The only notable difference in last night’s actions was that the DPD actually managed to stop protesters from blocking the freeway altogether when they attempted to enter near Swift Avenue. Eleven people were arrested.

Earlier this week, the protesters headed south, disrupting traffic around Southpoint mall.

The Durham Fresh Market is now open!

I mentioned The Fresh Market briefly before, and now I’ll mention it briefly again: according to the Herald, the store is open for business:

The 23,400 square-foot store opened in Parkway Plaza Wednesday morning with a variety of activities, including chef demonstrations, food samplings, coffee giveaways and drawings for gift cards.

Parkway Plaza is the shopping center off University near MLK, one block south of the Super Target (which is on the former site of South Square Mall). The Fresh Market promises to be the new anchor for the strip mall, which fell upon somewhat hard times following the loss of its anchors Food Lion and K-Mart.

I can’t find any mention of the opening on The Fresh Market’s own web site, and I’ve seen coverage only in the Herald-Sun so far, so I don’t know if they’re operating at full capacity / hours yet. If you get a chance to check it out, let me know about your experiences in the comments section.

Durham’s grocery store situation seems to really be on the upswing; this is at least the third grocery store to open since last fall (along with the Ninth Street Teeter and Compare Foods on Miami). The Durham Co-Op Market on West Chapel Hill St. is also slated to open in January.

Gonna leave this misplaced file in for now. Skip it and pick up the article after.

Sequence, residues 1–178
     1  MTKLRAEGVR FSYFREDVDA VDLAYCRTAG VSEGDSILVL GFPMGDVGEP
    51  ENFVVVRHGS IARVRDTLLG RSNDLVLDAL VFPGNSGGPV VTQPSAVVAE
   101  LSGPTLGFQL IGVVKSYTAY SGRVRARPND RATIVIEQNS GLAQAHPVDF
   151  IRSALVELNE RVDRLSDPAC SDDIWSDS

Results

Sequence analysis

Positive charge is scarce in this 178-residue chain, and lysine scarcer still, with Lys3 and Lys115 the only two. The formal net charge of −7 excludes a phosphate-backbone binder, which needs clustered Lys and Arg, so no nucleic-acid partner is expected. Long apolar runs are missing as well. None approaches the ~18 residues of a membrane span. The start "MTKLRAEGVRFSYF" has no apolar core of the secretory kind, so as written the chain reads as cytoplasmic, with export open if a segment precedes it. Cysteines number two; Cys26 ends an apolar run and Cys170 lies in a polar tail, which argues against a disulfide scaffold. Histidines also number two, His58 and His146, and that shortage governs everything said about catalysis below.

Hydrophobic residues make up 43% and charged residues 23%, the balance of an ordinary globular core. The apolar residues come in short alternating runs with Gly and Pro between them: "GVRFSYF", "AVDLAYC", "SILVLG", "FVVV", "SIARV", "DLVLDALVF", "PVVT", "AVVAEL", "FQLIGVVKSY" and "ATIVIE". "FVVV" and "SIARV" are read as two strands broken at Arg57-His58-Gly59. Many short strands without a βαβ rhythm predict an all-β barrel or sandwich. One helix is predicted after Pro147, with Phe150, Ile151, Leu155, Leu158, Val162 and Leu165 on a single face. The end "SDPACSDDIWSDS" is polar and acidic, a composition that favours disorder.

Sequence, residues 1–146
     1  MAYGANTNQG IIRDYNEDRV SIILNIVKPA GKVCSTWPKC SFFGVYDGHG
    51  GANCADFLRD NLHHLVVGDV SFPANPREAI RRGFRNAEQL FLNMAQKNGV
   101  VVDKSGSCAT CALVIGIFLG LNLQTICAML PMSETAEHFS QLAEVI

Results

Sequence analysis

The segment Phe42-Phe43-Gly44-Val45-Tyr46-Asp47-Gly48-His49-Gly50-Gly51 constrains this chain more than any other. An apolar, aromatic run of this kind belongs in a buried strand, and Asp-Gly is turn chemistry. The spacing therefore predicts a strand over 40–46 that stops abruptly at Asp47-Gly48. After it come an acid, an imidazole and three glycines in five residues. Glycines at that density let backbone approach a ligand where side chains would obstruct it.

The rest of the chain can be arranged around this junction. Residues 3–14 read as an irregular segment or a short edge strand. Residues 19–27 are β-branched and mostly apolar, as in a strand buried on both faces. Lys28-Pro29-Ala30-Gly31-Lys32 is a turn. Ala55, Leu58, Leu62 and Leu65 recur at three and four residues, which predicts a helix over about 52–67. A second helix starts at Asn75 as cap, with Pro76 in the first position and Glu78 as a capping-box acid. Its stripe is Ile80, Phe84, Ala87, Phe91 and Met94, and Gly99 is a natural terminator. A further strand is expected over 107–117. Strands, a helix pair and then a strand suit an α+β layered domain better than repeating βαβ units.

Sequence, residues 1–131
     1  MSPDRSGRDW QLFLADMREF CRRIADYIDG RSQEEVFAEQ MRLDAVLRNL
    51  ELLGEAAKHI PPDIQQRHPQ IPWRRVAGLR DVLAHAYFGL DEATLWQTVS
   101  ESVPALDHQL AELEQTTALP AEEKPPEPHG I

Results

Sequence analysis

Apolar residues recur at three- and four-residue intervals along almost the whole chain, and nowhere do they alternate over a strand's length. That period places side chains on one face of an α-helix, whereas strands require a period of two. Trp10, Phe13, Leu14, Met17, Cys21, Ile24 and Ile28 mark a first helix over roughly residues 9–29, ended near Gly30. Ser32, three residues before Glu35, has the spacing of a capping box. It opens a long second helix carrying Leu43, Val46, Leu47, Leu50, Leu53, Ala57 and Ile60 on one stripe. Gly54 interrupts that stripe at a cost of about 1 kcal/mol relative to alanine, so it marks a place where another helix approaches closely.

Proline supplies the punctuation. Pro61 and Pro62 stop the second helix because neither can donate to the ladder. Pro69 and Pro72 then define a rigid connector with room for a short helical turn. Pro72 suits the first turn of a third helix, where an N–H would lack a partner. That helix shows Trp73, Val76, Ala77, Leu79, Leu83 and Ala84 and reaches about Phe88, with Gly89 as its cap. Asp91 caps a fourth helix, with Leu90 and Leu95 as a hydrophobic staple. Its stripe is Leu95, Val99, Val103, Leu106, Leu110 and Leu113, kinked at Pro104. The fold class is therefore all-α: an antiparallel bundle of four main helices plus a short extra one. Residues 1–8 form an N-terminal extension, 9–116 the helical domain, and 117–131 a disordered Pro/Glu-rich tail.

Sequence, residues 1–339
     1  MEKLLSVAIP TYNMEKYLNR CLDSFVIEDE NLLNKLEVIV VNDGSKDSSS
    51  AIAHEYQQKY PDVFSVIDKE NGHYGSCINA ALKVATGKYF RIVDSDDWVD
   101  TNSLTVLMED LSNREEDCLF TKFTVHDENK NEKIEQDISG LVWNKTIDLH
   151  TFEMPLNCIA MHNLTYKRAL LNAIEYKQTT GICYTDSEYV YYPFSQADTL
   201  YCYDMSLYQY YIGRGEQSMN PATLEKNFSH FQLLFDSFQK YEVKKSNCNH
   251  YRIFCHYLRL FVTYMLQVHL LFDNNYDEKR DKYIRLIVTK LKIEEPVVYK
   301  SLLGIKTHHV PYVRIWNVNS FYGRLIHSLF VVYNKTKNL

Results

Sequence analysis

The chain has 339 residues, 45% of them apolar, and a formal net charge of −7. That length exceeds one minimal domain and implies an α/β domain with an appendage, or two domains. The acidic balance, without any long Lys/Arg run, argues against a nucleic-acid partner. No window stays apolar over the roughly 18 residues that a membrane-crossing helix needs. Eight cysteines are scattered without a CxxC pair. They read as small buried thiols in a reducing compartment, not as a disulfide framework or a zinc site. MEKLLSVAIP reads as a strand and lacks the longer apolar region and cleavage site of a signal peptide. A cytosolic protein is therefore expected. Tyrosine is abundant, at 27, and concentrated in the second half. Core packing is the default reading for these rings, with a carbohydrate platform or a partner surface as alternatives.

Protesters hit up downtown, block the Durham Freeway again (Updated)

[NB: this post has been and may continue to be substantially updated as new information is made available]

Protesters of the recent grand jury decisions, in addition to Chapel Hill anarchist groups, rallied in Durham on Friday night. After gathering in the CCB plaza, they eventually moved on to block the freeway, marching through the streets near the DPAC and the police station for hours before some thirty people were arrested following vandalism and failure to disperse. There was only minor vandalism and property damage, but after the events were over the DPD did find an unused Molotov cocktail near Foster and Geer.

I happened to spot a group of protesters from the lobby of the DPAC (John Oliver was pretty great, for the record, although apparently he re-used a lot of material from his last visit):

Note that the particular crowd in this photo appears to include the Chapel Hill groups I talked about previously, easily identified by their signature “cops are liars” banner.

It seems as if a group of Durham residents gathered at the CCB plaza early in the night, showing solidarity in response to recent events elsewhere in the country. They were joined by the Chapel Hill anarchists, and the two groups commingled. Following that, the combined group started marching, eventually blocking traffic and causing minor property damage.

I think it’s worth pointing out here that the Council has been really aggressive in addressing some of the systemic biases that have been identified in the DPD over the past year, and the new policy requiring written consent for vehicular searches is a powerful reaction to the problems in the department. The events following Huerta’s death really brought the issue of racial profiling to the forefront, and there’s been a pretty solid response to the concerns brought to the Council by community leaders, which you can read about in none other than the New York Times.

Oh, and I really dig the bike cop representation here. Way to stay fit and mobile at the same time, DPD.